“Only connect!”E. M. Forster, Howards End
I came to painting still life in an almost accidental way.
In 1978 I went to live and work in Greece on the island of Crete expecting to continue on with the austere formalist abstract relief paintings I had been doing until then. Instead I encountered a complete and debilitating creative block that left me unable to work for six months.
In desperation I decided to go back to basics and started to make small paintings from the landscape and objects around me. It was meant to be a jumpstart back into the vein of my previous work. Instead it became ‘a habit that liked me and stayed’. It was a slightly guilty pleasure at first. Guilty because it seemed so retrogressive when compared to the work I had been trained for and to the work being made by most of my contemporaries. Pleasure though was the key word. It allowed me to take delight in the observation and transformation of small things in the world around me.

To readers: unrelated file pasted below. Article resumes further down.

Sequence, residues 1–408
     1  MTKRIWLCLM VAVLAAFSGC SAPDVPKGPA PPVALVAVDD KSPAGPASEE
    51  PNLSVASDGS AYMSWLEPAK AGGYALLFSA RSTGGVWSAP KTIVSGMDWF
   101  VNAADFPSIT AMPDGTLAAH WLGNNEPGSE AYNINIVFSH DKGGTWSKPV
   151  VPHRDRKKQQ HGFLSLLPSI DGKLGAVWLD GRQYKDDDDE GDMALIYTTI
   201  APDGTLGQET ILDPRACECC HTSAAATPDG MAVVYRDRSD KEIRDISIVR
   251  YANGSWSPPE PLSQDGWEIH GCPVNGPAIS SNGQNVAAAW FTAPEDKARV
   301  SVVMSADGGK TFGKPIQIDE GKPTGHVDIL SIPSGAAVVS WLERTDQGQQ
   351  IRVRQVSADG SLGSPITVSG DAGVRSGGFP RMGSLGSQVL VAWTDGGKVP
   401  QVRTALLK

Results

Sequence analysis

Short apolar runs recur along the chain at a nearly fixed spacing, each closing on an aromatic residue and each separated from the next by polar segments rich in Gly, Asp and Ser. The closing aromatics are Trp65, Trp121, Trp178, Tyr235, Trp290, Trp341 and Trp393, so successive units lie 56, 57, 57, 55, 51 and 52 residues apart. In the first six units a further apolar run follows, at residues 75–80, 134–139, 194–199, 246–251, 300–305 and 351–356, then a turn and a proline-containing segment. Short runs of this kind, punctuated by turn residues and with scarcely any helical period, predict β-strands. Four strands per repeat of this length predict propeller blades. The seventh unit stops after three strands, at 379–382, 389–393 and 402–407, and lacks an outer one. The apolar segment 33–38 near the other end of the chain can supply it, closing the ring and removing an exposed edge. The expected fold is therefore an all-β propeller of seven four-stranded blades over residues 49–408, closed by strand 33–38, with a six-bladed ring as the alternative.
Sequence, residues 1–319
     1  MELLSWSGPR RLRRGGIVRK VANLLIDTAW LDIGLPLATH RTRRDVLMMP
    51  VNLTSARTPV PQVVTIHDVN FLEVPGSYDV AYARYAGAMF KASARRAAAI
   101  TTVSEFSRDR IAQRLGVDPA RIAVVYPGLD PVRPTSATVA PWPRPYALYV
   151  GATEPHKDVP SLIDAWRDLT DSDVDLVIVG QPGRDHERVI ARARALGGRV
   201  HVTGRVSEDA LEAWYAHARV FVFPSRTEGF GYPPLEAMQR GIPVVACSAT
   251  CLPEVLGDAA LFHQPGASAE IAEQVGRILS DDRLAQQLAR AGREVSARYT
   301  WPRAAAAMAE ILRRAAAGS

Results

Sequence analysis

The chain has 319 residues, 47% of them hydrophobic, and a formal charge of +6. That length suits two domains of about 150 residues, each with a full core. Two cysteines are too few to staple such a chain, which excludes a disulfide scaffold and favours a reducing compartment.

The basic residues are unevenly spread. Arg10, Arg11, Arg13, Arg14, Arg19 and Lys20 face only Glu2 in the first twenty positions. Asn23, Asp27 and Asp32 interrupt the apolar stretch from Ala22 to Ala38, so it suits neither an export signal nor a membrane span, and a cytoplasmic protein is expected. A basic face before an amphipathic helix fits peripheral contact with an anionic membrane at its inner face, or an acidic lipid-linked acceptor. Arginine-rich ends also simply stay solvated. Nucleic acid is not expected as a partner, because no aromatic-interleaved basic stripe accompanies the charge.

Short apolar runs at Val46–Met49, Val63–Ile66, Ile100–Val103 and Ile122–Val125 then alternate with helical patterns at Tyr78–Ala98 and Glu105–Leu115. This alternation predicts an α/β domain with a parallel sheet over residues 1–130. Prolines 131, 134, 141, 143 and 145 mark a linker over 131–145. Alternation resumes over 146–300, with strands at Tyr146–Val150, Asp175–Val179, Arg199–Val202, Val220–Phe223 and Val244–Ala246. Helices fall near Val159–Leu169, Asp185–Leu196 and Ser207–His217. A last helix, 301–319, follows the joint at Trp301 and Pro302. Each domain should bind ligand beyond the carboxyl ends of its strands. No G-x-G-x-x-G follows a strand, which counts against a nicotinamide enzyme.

The small paintings of Greece gave way to much larger canvases on my return to Canada. The delight in observation continued but was joined by the physical pleasure that applying paint on a large scale afforded.
Now, more than forty years later, and joined by the richness and hindsights that interwoven memories and sensual experiences allow, the twin joys of applying paint and observing objects and their relationships are still my prime motive for painting.
We live in a world of echoes and interconnectedness and painting has become my means of exploring that world .
– Chris Broadhurst